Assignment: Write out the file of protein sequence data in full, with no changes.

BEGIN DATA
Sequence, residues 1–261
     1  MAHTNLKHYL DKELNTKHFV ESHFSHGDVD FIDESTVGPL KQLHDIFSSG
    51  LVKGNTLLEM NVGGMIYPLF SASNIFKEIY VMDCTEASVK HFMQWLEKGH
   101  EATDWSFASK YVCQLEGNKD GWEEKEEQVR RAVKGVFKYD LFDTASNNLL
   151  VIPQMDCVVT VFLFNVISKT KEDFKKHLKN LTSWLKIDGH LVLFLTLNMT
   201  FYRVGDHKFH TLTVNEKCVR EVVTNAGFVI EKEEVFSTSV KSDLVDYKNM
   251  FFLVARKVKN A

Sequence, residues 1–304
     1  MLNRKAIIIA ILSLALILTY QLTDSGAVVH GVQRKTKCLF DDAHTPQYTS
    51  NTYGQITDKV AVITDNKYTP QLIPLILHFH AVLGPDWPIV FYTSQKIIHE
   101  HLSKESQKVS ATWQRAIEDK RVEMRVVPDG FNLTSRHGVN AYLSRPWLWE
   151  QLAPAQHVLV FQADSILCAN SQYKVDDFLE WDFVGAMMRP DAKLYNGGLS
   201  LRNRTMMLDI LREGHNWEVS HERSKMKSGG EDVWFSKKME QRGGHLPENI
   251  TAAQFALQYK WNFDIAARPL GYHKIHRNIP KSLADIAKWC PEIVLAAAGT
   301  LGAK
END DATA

Sequence, residues 1–261
     1  MAHTNLKHYL DKELNTKHFV ESHFSHGDVD FIDESTVGPL KQLHDIFSSG
    51  LVKGNTLLEM NVGGMIYPLF SASNIFKEIY VMDCTEASVK HFMQWLEKGH
   101  EATDWSFASK YVCQLEGNKD GWEEKEEQVR RAVKGVFKYD LFDTASNNLL
   151  VIPQMDCVVT VFLFNVISKT KEDFKKHLKN LTSWLKIDGH LVLFLTLNMT
   201  FYRVGDHKFH TLTVNEKCVR EVVTNAGFVI EKEEVFSTSV KSDLVDYKNM
   251  FFLVARKVKN A

Sequence, residues 1–304
     1  MLNRKAIIIA ILSLALILTY QLTDSGAVVH GVQRKTKCLF DDAHTPQYTS
    51  NTYGQITDKV AVITDNKYTP QLIPLILHFH AVLGPDWPIV FYTSQKIIHE
   101  HLSKESQKVS ATWQRAIEDK RVEMRVVPDG FNLTSRHGVN AYLSRPWLWE
   151  QLAPAQHVLV FQADSILCAN SQYKVDDFLE WDFVGAMMRP DAKLYNGGLS
   201  LRNRTMMLDI LREGHNWEVS HERSKMKSGG EDVWFSKKME QRGGHLPENI
   251  TAAQFALQYK WNFDIAARPL GYHKIHRNIP KSLADIAKWC PEIVLAAAGT
   301  LGAK